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GoPro shares fell more than 12 percent on Thursday after news that founders Nicholas and Jill Woodman are breaking a lockup on their shares to set up a new charity.
However, a source told CNBC that none of Nick's shares were sold in the market Thursday and that the shares were moved from one of his personal accounts to a new foundation account for tax reasons.
No structure is in place for the sale of the shares, which is not expected to happen for some time, the source said.
The existing lockup officially ends in December, so the shift would not have been able to go into effect until January 2015.
JPMorgan Securities, which managed the company's June initial public offering, agreed to release the new foundation from a lockup restriction on about 5.8 million shares gifted to it, a GoPro release said.
Woodman signed the Buffett-Gates pledge to give away half his wealth, and CNBC was told that he had wanted to give those funds away sooner, but the source said the decision was for administrative purposes.
The Woodmans said in the release that they have personally contributed the shares from their own holdings toward the foundation, effective Friday.
GoPro shares fell below $80 on Thursday, after reaching a high above $90 earlier in the week. The stock has been red-hot since its IPO earlier this year, more than tripling from the offering price of $24 in June.
That has also attracted the interest of short sellers, who have been aggressively borrowing the stock to sell it in a bet that prices will fall. More than 41 percent of the company's stock is sold short, making it one of the most-shorted stocks in the entire market.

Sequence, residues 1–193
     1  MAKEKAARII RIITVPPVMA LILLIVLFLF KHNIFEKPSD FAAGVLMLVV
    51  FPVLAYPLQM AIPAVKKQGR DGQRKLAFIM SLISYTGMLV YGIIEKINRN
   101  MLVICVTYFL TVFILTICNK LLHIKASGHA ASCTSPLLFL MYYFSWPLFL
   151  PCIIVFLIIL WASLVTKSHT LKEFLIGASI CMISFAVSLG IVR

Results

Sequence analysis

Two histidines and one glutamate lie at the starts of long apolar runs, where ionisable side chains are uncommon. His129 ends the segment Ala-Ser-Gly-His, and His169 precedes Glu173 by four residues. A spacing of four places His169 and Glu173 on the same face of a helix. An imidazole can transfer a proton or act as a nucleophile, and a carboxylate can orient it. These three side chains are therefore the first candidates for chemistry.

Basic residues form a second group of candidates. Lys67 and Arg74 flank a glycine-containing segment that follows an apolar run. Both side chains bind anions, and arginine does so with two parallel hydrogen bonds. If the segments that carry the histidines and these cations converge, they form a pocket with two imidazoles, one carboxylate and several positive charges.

GoPro said in a statement to CNBC, "We are extremely proud of Nick and Jill Woodman for establishing a $500 million foundation for charitable giving."
It also added, "Any activity by the charity related to these shares would have to be accompanied by a public filing."
On CNBC's "Halftime Report " on Thursday several contributors weighed in.
OptionMonster's Jon Najarian noted that GoPro options had been trading 10,000 puts a day in August but spiked just this week, hitting 120,000 puts on Monday and 140,000 puts on Tuesday.
"Who knew that this thing was coming unlocked? Who knew that they were going to put another 20 percent on to the float of this stock? JPMorgan," he said. "Well, those would be the first guys I'd want to see and say, 'Did you guys buy this stock?' 'Did you short it?' Either of those two things. These puts indicate people know. They made an awful lot of money on this downward move."
Najarian likened it to buying a photocopier from a law firm and finding documents about an impending deal, speculating that someone had inside information.
"They had tomorrow's newspaper today," he said. "They knew that they were going to bring 20-some-odd extra percent to the float. And that's why the shares are down so hard today."
Yahoo Finance Senior Editor Mike Santoli said that he wouldn't have wanted to see this news if he had been a shareholder.
"It seems like they were looking for a way to get liquid through a back door and do it through the foundation," he said. "But, look, I have a hard time summoning a lot of tears for the people who bought in this last little spurt higher."
Noting that "over 80 million shares—the entire company" had changed hands in the past week, Santoli added that buyers "weren't really looking at the details of corporate governance and the compact between an underwriter and the insiders and everything else."
"This thing was a pass-the-crack-pipe type of stock in the last week here," he added.
Santoli said he wasn't all that worked up about the development, which could be short term. "But it just really tells you both what kind of people run the company, what their priorities seem to be and just how dependent it was on a very scarce float."
—Additional reporting by CNBC's Bruno J. Navarro and Kayla Tausche.